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The Mauritian Dream: 7 Good Reasons to Invest in Mauritius

July 8, 2014 Destination Global No Comments Email Email

Mauritius has built up a solid reputation as an investment hub, reliable and safe in terms of good governance as well as ethical, economic and political transparency.

This little country, which combines a lively feeling for business with an attractive lifestyle, has achieved one of the fastest growth rates in sub-Saharan Africa.

In the latest issue of Luxury Mauritius Magazine, http://www.luxurymauritiusmagazine.com/en/
you will find testimonies, interviews of expatriates and investors who are living the “Mauritian Dream”.

There are so many good reasons to invest there. Below are seven of them, summing up the powerful attraction of the Switzerland of the Indian Ocean.

1. A very favorable taxation systemhttp://www.themulia.com/en/special-offers-mulia-resort
Mauritius has adopted a low rate of taxation to encourage the setting up of local and foreign companies:

• No inheritance tax
• Tax credits of 80% for offshore companies
• 15% tax on company profits and personal income
• Value-Added Tax at 15% (refundable)
• No tax on dividend
• No customs duties or VAT on equipment

2. Durable Political and Social stability
Since its independence in 1968, Mauritius has enjoyed real political stability. Its government is democratically elected every five years. The political structure is based on the British parliamentary model, following the principle of the separation of  powers, legislature, executive and judiciary, under the vigilant eye of the “fourth power”, a free press.

3. An Economy based on free trade
The  dynamism  which  has  put Mauritius into second place among middle-income African countries is the result of sustained and efficient economic management based on the principle of free trade which is embraced by the political class, the business community and the local population as a whole, for whom the protection of foreign investors has always been a priority. The Index of Economic Freedom, published annually by the Wall Street Journal and the Heritage Foundation puts Mauritius in 8th place in 2013 among countries where economic freedom prevails, ahead of the United StatesGreat BritainJapanGermany and France. The spearhead of these facilities, the Board of Investment, takes its advisory role very seriously, deals rapidly with dossiers and makes it possible for an economic activity to start in three days!

4. Protection of assets and Double Taxation treaties
The country has signed up to several multi-lateral treaties and conventions that guarantee the protection of investors. A  member  of  COMESA  (Common  Market  for  Eastern  and  Southern  Africa), SADC (Southern African Development Community) and the IOC (Indian Ocean Commission), Mauritius has also signed 37 double-taxation avoidance agreements, which facilitate movement of capital, transfers of assets, inheritances etc.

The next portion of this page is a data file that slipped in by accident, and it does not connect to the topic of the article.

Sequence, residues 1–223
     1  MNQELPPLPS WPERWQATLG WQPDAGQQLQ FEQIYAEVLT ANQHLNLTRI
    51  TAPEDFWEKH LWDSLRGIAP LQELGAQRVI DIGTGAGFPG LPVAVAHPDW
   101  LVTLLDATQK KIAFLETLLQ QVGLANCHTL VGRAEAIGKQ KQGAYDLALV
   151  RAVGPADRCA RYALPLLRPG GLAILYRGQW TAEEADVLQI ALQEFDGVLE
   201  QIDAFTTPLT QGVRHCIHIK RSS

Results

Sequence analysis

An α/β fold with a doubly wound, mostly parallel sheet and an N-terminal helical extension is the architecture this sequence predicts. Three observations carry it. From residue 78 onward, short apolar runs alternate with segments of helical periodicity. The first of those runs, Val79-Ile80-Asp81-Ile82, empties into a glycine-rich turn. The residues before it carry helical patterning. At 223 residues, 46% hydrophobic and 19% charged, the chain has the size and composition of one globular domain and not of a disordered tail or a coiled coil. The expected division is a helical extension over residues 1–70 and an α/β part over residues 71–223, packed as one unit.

5. A qualified workforce
The literacy rate in the country is over 80% and because of their history, Mauritians are bilingual in English and French. The population is composed of educated young people and qualified professionals, multi-skilled and always on the look-out for training possibilities. Many Mauritians go on after obtaining local qualifications from the University of Mauritius or the University of Technology to study at foreign universities.

6. A Strategic Geographical position
Thanks to its position in the Indian Ocean, Mauritius is today a hub for commerce, investment and  tourism, connecting AfricaIndiaand Asia with the rest of the world. In a convenient time zone (GMT+4), the country is a commercial and financial center which is open for business before the markets in the Far East close and after those of the United States open.

7. Free zones / Free port
Launched in 1992, the Mauritius Freeport is a free-trade hub for products destined to be re-exported. The government’s aim is to make the country into a logistical and regional zone for stockage, distribution and commerce, serving East AfricaSouth Africa and Indian Ocean countries. Those operating in the Mauritius Freeport are exempted from tax on company profits. At the end of 2012, 254 companies were active in sectors such as re-export, transshipment of containers and assembling goods. The government acts as a business facilitator in most sectors and as a regulator for a small number of specific activities. In the port area, a special counter has been opened, in order to speed up the delivery of the required permits.

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